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Insights From ATX Man

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Three years of quintessential Austin cover men.

Selected by Deborah Hamilton-Lynne


Roy Spence, founder of GSDM

“Austin men are spirited, not mean-spirited. Everyone here wants to see you succeed. No one is looking to steal your ideas. The spirit of Austin allows you to be collaborative and open about ideas. Austin men are a curious bunch. Curiosity is the search for the truth and Austin men are open to a lot of out-of-the-box ideas when searching for their truth. The spirit of Austin fosters and celebrates creativity and encourages entrepreneurial types to take a risk and try something new. We are a city of dreamers who happen to have a lot big ideas. Austin has an indomitable spirit and that spirit brands the Austin man.”


Brian Jones, college All-American, retired NFL player and professional sportscaster

“I’ve had many victories over there [at the Darrell K. Royal Texas Memorial Stadium], but nothing compares to graduating from this great university.”


Robert and Clint Strait, father/son duo, owners of Strait Music

“[Robert’s] my hero. He’s survived cancer twice and had a heart attack, and I don’t think I have heard him complain one time. Not a single word. I get a sore throat, and it’s all hands on deck. So sometimes when I’m having a bad day, I think about my dad and it kind of makes the other things seem trivial.” – Clint Strait


Turk Pipkin, founder of the Nobelity Project, author and documentarian

“Christy’s cancer and my kids and 9/11 were three linked events that really were a wake-up call to me about how I wanted to spend my life. We need periodically to ask ourselves, ‘Am I doing the thing I want to do with my life? Why was I put here on this earth?’ And if there is anything we have learned, I think those are our core questions.”


Mark Strama, state representative, House district 50

“Voters are frustrated with politics at every level. Money may be more out of control here than it is at the national level. We have no limits on political contributions. We’ll never get where we need to on energy and education and health care until we fix the systematic problems with the way democracy works.” (Ed.: Strama resigned his seat in 2013 and is the current head of Google Fiber in Austin.)


Evan Smith, editor-in-chief and CEO, The Texas Tribune

“There was time in the 90s when people said, ‘Write shorter, be funny. People don’t have the attention span.’ And of course that’s wrong. People always have the attention span for good, robust stuff. They’ll invest in you if you treat them with respect.”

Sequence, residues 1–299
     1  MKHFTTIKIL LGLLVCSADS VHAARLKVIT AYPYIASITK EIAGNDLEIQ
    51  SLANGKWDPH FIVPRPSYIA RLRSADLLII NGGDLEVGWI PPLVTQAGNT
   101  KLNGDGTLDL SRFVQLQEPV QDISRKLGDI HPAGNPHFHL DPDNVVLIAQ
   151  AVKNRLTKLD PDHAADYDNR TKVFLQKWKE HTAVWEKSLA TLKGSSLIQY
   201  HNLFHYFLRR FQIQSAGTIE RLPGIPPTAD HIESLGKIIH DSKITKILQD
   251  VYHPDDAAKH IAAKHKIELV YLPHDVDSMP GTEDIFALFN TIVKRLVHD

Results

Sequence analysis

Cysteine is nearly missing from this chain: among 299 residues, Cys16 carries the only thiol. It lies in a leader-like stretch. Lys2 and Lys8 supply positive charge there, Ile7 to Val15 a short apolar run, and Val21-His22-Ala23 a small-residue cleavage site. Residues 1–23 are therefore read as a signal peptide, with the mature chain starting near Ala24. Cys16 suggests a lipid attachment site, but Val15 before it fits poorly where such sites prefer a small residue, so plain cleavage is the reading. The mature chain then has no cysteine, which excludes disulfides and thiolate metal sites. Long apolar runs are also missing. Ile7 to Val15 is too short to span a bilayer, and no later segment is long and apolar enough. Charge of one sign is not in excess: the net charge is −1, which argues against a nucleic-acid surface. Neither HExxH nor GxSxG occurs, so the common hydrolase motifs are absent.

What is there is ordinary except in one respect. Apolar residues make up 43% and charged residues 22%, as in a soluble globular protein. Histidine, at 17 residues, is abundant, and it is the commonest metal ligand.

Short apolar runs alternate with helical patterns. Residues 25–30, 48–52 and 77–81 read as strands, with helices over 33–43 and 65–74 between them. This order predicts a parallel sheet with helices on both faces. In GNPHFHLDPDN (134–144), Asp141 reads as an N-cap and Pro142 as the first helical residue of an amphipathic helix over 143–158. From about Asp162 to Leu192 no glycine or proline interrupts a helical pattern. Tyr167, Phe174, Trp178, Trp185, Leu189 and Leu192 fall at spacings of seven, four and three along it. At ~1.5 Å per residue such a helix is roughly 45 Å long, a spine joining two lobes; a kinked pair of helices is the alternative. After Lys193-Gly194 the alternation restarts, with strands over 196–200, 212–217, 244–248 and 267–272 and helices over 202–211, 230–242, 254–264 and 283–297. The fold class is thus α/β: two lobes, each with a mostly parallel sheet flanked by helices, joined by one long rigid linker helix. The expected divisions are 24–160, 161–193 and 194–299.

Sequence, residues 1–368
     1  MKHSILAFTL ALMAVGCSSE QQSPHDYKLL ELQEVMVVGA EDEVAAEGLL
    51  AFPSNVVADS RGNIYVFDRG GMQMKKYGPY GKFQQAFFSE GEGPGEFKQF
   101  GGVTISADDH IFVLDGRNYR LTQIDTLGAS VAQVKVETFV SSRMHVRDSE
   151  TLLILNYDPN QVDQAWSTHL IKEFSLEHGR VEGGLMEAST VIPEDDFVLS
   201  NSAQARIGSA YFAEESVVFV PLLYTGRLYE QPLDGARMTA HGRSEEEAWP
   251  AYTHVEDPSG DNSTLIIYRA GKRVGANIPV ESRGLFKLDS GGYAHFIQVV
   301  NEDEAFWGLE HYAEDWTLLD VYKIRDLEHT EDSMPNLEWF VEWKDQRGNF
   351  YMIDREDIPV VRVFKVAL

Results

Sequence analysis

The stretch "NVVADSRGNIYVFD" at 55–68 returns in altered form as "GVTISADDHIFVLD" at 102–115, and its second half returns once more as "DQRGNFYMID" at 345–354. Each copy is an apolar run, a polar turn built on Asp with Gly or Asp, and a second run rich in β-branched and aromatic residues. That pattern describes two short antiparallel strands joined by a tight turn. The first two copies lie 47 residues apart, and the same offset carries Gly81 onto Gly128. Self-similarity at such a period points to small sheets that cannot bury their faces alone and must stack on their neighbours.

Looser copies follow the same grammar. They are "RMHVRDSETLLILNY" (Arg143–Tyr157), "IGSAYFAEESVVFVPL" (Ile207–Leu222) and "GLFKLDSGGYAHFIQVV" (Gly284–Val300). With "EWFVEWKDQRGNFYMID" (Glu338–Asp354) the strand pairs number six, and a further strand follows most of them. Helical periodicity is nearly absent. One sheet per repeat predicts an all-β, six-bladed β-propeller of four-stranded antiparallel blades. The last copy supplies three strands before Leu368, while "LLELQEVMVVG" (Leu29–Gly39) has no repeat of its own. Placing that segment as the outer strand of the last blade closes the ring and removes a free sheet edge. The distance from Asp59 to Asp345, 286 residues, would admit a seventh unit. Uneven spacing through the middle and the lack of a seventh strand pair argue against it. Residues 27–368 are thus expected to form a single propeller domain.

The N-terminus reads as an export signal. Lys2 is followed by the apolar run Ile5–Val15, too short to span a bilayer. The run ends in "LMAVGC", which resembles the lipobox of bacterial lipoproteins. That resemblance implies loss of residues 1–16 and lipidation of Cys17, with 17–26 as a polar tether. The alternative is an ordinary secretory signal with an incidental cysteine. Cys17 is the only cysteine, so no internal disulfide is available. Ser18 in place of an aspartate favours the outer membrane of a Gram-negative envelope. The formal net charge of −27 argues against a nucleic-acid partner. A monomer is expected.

Jack Ingram, musician and philanthropist

“I’ve always loved the live-and-let- live mentality around here. I’m not a hippie, but that free-to-be-you-and-me vibe is pretty strong here. And it really works, and you can be whoever you want to be. You can be a rich, badass investment banker or a struggling songwriter, and you can end up in the same place.”


Andy Roddick, tennis professional, philanthropist

“I love Austin. I’ve been lucky enough to go a lot of places, see a lot of things and get a feel for a lot of different cultures. Most cities dictate the way you live. … In Austin, you can be the person who wakes up at 5:30 in the morning and runs Town Lake and then goes home to work, or you can be the person who goes on spring break every weekend down on Sixth Street and goes mental. You can live in Austin any way you want, and that’s pretty unique.”


Peter Bay, Austin Symphony Orchestra maestro

“I’m all in favor of collaboration. It’s all part of making music. I don’t make music by myself. In fact, I make no sounds. I rely on others to make sounds. The more different kinds of things I can do with sound, the happier I am.”


Art Acevedo, Austin chief of police

“Police officers have to use humor as a coping mechanism. We make jokes about anything because if you don’t laugh, some of this stuff…will eat you up. In this career, you don’t forget the stuff you see. If you don’t develop a sense of humor and a thick hide, you’re never going to make it.”


Aaron Franklin, grill master and owner Franklin’s Barbeque

“I’m just some dude who makes fires and sometimes gets recognized in public places. I cook stuff. It’s not a big deal. I don’t read anything about us and I don’t watch shows that we’re on. I just don’t care. I just keep working. My No. 1 goal is to make this place consistently good every day.”


Hugh Forrest, director SXSW Interactive

“Geeks have become cool. There has been this complete shift in the last 10 or 15 years in which people like Mark Zuckerberg, the founders of Twitter, Bill Gates and Steve Jobs have become cultural icons. … I would never have imagined this popularization and romanticization of the geek culture.”


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